Associations between trait and state perceived stress and daily moods: COVID-19 stressful experiences as a moderator

Mingjun Xie, Ye Feng, Yanjia Zhang, Hongfeng Zhang, Danhua Lin

Research output: Contribution to journalArticlepeer-review

2 Citations (Scopus)

Abstract

Drastically disrupting daily routines, the global pandemic of COVID-19 has posed critical mental health threats to adolescents and young adults worldwide. Many of the extant empirical findings, however, have focused on individuals’ psychological adjustment during the initial phase of the pandemic. It is less clear how COVID-19 stressful experiences impact young people’s daily lives in the post-pandemic “new normal.” Drawing on 7-day diary reports, the present study fills this gap by examining: (1) how daily perceived stress impacted daily emotional adjustment; and (2) the moderating effects of COVID-19 stressful experiences on these associations among 582 Chinese young adults (Mage = 18.12, SD =.65; 69% females). Results indicated that higher levels of both trait (i.e., average levels) and state (i.e., daily fluctuations) perceived stress were associated with greater negative and anxious moods, and that prior pandemic-related experiences exacerbated the adverse impact of both trait and state perceived stress on daily moods. Specifically, young adults reporting greater COVID-19 stressful experiences demonstrated poorer emotional adjustment (i.e., lower levels of positive mood and higher levels of negative mood) on days when they had more fluctuations in perceived stress; the aggravating impact was stronger when the average levels of perceived stress were higher. By illuminating the moderating effects of COVID-19 stressful experiences, this study contributes to the limited, but burgeoning, research examining the prolonged impact of the COVID-19 health crisis on daily emotional adjustment in post-pandemic life.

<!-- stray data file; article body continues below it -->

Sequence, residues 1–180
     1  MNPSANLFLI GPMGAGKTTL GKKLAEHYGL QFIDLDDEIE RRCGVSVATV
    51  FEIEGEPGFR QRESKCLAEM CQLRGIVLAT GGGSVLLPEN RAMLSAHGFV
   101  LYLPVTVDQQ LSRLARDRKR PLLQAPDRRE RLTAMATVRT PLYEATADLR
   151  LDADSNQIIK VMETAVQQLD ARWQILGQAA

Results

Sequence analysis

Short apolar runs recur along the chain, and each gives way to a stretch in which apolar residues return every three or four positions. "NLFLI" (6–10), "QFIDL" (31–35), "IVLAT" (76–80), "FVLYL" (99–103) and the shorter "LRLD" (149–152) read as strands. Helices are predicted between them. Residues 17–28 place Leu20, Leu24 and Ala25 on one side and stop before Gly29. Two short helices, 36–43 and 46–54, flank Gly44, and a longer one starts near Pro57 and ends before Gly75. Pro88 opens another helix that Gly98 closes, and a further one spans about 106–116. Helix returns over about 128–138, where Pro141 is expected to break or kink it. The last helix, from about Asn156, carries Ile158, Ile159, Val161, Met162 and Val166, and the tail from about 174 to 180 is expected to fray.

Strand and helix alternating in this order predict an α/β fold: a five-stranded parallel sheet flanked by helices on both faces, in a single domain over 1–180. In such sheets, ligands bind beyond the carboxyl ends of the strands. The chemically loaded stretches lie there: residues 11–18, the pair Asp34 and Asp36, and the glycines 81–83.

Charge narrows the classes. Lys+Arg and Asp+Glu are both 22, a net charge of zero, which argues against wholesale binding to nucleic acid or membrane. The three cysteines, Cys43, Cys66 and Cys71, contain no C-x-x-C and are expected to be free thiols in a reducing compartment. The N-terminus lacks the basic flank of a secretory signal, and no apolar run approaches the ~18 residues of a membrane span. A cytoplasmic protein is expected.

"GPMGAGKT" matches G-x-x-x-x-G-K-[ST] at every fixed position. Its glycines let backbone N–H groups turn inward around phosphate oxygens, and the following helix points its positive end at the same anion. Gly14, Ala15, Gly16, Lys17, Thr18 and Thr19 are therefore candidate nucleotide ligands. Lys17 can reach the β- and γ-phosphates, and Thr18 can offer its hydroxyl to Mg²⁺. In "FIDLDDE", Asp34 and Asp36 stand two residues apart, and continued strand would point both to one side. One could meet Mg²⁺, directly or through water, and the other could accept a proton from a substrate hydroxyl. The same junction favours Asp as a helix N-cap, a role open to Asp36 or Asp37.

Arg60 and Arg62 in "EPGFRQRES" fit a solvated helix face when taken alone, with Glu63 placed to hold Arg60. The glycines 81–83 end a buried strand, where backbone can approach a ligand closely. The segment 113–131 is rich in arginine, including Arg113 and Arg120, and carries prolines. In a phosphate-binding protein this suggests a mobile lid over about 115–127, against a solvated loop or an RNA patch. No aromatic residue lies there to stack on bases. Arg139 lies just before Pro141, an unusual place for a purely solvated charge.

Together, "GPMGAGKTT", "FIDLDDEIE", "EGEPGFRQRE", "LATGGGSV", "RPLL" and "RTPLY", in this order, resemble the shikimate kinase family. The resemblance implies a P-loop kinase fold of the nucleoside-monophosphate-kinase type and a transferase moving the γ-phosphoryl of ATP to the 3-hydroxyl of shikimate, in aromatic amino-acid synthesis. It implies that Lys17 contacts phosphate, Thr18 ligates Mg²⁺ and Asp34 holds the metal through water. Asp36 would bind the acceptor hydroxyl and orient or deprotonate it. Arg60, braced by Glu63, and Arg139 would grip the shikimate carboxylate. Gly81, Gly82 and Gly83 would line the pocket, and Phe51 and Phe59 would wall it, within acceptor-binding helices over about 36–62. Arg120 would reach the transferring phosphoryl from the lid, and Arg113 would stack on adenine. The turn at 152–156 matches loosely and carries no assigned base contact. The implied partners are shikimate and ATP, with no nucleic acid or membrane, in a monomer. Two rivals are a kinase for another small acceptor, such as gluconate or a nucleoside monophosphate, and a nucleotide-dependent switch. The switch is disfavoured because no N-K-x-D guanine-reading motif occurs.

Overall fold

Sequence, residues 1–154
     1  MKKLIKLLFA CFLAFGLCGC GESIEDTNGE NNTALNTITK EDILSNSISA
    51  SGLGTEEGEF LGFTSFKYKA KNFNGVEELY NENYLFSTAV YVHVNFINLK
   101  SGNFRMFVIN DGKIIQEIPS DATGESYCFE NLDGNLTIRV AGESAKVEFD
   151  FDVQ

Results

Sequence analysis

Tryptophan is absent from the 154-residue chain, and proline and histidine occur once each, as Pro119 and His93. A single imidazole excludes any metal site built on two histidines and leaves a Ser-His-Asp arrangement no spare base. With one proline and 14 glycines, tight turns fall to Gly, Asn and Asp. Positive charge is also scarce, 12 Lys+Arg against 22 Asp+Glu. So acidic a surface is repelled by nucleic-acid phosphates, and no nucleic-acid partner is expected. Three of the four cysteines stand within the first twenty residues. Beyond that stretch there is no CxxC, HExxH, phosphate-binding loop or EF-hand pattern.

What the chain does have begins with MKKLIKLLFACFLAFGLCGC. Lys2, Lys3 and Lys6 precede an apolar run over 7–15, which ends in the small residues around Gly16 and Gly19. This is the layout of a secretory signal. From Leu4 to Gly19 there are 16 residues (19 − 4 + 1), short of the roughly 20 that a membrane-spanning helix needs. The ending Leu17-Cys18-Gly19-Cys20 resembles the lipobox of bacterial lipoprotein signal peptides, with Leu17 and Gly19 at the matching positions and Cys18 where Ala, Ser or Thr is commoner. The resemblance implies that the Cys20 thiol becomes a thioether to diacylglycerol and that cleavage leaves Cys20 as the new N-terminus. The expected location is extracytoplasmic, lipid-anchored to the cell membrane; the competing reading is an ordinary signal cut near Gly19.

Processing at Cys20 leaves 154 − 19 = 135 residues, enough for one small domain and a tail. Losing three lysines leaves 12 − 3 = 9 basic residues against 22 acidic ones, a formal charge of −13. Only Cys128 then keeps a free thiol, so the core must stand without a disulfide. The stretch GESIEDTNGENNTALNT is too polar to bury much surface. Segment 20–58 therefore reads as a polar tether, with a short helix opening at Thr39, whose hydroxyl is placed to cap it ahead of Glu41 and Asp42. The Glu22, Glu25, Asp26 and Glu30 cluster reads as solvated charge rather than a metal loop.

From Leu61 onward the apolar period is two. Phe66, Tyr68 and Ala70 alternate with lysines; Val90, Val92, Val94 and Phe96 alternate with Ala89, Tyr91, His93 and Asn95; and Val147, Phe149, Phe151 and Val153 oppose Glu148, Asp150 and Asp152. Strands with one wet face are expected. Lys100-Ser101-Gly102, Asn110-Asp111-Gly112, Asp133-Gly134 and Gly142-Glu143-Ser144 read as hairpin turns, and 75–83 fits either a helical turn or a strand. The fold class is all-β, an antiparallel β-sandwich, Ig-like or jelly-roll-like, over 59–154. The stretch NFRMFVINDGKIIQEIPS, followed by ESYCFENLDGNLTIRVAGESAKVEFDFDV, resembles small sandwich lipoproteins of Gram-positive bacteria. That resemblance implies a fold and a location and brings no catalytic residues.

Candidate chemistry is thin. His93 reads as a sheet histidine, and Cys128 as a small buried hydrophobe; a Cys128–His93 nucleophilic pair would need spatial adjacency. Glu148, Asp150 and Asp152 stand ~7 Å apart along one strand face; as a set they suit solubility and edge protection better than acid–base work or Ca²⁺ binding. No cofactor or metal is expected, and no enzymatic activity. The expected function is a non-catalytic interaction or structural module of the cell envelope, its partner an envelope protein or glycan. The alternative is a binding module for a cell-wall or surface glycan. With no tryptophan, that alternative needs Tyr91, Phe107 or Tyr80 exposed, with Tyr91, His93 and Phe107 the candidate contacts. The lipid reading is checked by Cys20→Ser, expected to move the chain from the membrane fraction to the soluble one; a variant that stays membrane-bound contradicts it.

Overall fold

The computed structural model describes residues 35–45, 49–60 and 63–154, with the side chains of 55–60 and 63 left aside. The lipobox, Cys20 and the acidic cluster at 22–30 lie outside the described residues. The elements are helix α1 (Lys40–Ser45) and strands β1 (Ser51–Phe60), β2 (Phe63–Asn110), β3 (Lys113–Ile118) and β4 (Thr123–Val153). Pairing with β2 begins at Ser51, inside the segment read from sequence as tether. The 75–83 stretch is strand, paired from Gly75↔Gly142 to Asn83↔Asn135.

Original languageEnglish
JournalCurrent Psychology
DOIs
Publication statusAccepted/In press - 2022

Keywords

  • COVID-19
  • Daily diary
  • Mood
  • Perceived stress
  • Trait and state

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